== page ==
The workload analysis process consists of the following steps:
1 The user may optionally migrate existing priority scheduler definitions (PDSets1 created using PSA release 13.00 or earlier), to automatically create workload definitions with existing priority scheduler settings. (PSA has been discontinued for TMGR release 13.10.) If users choose not to migrate existing settings, they can instead choose to define up to 250 workload definitions from scratch. In so doing, users first collect query log information for the existing workload mix. Then they specify the dimensions to analyze and group queries against to form candidate workloads (account-based, application-based, and existing PDSets) and the date and time range over which to analyze the previously collected query log data.
2 Using this input, Teradata WA recommends candidate workload definitions based on analysis of Priority Scheduler settings, Database Query Log data, or both.
3 With the DBQL analysis path, the user can further refine the candidate workload definition and the queries in which it contains by either merging with another candidate workload or splitting the candidate workload into two or more separate candidate workloads to aid with accounting granularity or workload control. (For example, tactical queries need higher priority and therefore are split out from the “parent” candidate workload.) Next, users creating workload definitions from scratch (not for users migrating from existing priority scheduler settings) are guided through mapping workload definitions to priority scheduler allocation groups and allocation group weights. Those settings are guided to minimize necessary DBA involvement, though the DBA has the “advanced” option to refine those settings according to the administrator’s preference.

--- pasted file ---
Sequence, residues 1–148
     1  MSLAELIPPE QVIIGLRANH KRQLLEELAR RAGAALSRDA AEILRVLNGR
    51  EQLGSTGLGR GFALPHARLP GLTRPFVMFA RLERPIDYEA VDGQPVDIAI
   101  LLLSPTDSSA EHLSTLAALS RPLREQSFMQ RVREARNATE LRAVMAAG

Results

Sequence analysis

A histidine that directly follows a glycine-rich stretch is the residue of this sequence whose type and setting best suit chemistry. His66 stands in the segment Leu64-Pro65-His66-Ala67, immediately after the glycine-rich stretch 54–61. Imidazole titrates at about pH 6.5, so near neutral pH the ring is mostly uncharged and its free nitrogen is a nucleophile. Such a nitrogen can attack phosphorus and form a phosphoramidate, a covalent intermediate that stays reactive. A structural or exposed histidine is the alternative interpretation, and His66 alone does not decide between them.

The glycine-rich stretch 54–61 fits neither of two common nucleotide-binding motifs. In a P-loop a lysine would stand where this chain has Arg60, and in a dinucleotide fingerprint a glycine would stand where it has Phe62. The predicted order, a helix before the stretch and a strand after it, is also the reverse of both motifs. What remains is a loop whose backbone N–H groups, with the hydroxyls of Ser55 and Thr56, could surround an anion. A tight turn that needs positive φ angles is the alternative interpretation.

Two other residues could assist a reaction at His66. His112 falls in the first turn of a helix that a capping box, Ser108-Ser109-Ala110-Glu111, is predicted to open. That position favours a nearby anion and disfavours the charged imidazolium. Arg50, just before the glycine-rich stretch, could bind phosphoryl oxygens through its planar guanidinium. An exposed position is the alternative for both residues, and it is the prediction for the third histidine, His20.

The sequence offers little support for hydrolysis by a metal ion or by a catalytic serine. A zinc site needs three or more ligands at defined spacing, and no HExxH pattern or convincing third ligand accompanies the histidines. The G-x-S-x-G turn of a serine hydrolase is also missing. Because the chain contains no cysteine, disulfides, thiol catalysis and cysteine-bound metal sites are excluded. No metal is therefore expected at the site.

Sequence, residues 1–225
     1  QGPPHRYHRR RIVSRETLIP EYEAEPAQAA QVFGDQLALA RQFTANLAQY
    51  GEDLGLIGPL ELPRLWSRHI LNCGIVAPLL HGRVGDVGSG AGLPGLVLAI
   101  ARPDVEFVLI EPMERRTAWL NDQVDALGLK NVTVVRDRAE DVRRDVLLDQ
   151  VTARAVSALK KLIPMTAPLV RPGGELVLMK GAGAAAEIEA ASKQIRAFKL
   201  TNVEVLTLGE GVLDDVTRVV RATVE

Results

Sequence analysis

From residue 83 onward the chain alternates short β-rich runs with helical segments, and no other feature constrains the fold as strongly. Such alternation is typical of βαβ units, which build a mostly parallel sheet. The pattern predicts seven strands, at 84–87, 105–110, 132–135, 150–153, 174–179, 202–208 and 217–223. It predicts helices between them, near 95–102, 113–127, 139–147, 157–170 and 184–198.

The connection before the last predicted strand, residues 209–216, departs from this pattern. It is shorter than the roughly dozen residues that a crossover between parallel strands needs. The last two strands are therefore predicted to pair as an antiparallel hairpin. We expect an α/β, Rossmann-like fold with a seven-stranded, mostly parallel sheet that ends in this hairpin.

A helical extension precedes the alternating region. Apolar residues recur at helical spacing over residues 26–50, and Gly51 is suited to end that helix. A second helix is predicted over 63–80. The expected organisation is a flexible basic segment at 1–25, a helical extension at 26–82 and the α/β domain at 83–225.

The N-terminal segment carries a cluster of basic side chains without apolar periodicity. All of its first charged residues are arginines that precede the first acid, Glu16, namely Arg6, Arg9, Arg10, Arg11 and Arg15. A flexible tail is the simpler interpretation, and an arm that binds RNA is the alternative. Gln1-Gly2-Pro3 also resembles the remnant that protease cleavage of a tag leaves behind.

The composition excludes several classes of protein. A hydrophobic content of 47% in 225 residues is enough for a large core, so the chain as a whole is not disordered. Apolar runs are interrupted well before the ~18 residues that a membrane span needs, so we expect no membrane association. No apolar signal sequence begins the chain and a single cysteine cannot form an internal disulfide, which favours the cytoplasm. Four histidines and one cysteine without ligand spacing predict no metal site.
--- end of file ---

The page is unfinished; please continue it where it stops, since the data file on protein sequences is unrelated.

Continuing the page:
Note: A workload definition is mapped one-to-one to a priority scheduler performance group (PG). The priority scheduler for Teradata Release 13.10 allows 250 PGs to be defined. Four of these are reserved to be the standard PGs (R, H, M, and L) in the default resource partition. That leaves 246 PGs for use by Teradata DWM.
4 After the user has satisfactorily fine-tuned the candidate workload definition, the user sets service-level goals, optionally guided by Teradata WA. For example, the user might request recommendations based on actual response times achieved at a particular service-level percent, or other factors.
These paths are graphically displayed in Figure 2.Figure 2: Paths to Creating a Workload Rule Set